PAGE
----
William Jefferson is a US Congressman. When the FBI was investigating to find out whether he took bribes over an African telecom deal, they discovered $90,000 cash in his freezer. The investigation is still underway, despite the fact that House Speaker Nancy and former-Speaker Dennis managed to get the evidence “sealed” so the FBI can’t access it.
Something tells me I would be in jail for tax evasion if the FBI ran across $90,000 hidden in my freezer. Fortunately for me, my freezer broke and I got rid of it, along with all the money I had hidden inside.
In the meantime, William was re-elected. That’s not too surprising since he’s from Louisiana, where political corruption is a tradition. But now, House Speaker Nancy has put William on the Homeland Security Panel. I guess William had some spare time on his hands after he was kicked off the Ways and Means Committee over the bribery scandal.
It’s reassuring to see that things won’t be changing under the Democratic Congress. After all, Nancy has promised to run the most ethical Congress in history.
Among the new ethics reforms is a rule that prohibits Congresswomen (and Congressmen) from flying on private planes — even when they’re the pilot of their own plane. I’m not sure how flying your own plane is unethical compared to hiding $90,000 illegal cash in your freezer. But our congressional leaders are mental giants with capacity for “brilliance” far beyond us mere mortals.
In the past couple of months, after the stiff, new ethics rules were implemented, lobbyists helped pay for “lavish birthday parties in a lawmaker’s honor ($1,000 a lobbyist), martinis and margaritas at Washington restaurants (at least $1,000), a California wine-tasting tour (all donors welcome), hunting and fishing trips (typically $5,000), weekend golf tournaments ($2,500 and up), a Presidents’ Day weekend at Disney World ($5,000), parties in South Beach in Miami ($5,000), concerts by the Who or Bob Seger ($2,500 for two seats), and even Broadway shows like “Mary Poppins” and “The Drowsy Chaperone” (also $2,500 for two).”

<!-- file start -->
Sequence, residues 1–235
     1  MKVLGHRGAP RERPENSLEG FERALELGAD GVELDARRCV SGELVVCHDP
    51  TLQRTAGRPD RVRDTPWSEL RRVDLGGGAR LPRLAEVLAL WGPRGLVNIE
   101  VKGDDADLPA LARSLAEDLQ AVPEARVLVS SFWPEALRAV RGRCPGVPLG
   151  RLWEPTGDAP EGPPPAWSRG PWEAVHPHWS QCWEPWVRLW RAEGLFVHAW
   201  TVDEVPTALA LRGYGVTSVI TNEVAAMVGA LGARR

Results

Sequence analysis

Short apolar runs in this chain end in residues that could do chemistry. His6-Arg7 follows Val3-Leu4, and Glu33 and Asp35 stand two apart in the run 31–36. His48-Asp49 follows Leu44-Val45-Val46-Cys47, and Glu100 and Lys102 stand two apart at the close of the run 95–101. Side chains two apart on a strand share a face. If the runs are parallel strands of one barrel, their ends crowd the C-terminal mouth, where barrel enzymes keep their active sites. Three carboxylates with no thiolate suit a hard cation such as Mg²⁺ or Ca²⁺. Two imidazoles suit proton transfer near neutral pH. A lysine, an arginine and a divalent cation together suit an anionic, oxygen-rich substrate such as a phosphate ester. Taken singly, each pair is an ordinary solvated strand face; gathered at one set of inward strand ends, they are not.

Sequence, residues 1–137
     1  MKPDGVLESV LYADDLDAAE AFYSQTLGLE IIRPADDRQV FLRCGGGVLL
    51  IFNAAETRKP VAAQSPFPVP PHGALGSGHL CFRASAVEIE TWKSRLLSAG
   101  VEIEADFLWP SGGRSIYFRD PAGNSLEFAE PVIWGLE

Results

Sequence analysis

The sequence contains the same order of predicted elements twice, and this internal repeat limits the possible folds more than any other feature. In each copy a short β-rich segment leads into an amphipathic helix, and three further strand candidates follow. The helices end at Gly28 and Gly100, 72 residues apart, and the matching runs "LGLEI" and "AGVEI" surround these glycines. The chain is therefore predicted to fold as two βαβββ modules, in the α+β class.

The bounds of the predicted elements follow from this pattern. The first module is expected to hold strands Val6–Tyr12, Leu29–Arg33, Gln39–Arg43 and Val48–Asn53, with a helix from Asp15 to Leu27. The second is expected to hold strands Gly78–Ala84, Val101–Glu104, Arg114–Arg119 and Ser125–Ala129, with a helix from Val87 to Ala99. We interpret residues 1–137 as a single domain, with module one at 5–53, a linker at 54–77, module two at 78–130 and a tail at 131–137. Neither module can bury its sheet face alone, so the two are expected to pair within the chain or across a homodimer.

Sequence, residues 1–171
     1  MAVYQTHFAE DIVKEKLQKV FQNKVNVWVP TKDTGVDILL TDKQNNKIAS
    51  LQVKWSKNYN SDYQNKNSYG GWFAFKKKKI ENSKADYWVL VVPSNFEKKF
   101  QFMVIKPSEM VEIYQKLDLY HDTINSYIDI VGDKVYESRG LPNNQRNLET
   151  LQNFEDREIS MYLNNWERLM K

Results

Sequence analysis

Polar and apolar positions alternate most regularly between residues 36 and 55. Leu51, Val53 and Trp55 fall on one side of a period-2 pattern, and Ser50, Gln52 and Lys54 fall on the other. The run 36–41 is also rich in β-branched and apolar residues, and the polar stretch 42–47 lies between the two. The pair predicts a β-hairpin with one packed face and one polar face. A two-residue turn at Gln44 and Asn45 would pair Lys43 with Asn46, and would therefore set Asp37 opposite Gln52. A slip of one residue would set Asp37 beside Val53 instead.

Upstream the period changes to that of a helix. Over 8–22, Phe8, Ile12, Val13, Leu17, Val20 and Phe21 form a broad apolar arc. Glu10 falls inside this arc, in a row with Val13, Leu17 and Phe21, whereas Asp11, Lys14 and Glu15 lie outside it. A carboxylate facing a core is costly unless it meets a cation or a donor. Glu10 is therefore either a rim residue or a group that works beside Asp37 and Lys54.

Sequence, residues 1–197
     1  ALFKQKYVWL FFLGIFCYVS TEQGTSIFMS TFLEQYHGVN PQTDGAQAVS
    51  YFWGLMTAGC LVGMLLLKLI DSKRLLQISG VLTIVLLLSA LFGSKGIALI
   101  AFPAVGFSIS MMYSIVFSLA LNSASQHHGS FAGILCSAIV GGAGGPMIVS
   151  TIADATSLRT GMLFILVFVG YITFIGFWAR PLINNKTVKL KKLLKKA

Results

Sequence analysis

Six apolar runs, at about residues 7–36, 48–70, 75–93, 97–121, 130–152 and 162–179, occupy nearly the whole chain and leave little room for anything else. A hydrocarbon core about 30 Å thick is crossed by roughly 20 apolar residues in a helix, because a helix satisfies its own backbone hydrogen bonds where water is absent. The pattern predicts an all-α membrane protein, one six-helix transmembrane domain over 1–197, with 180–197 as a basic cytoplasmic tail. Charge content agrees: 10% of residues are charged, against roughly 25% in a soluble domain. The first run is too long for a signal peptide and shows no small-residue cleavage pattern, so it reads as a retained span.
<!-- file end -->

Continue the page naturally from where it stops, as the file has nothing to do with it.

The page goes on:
Life is tough on capital hill.
An impressive ice storm came through Oklahoma a few weeks ago. Ice storms aren’t unusual, but usually the ice isn’t as thick as it was then. I guess there was just the right combination of cold surface temperature, warmer upper level temperature, and lots of rain.
The electricity (and heat) was out at our house (and most of the town) for a few days. Unfortunately, I was with Mike in Florida on the boat in 70° to 80° sunny weather at the time. I was pretty jealous when I called home and everybody was in the dark without heat.
Part of our yard:
I think just about every big tree in the county has broken limbs now. My dad counted 28 big cracks (tree limbs breaking) in one minute.
This week they’ve been taking truckloads of tree limbs from peoples’ yards and burning them outside of town.
The Antarctic Peninsula, on February 9, 2007. You can see now the clouds came in on the satellite pass in the upper right of the photo.
Mike and I took the Minnow up 6-7 miles into the everglades during the Oklahoma ice storm. The next morning at low tide, there was between one and two feet of water under the boat. That’s not much on a 52-foot boat.
A house on I35:
Kansas snow at sunset: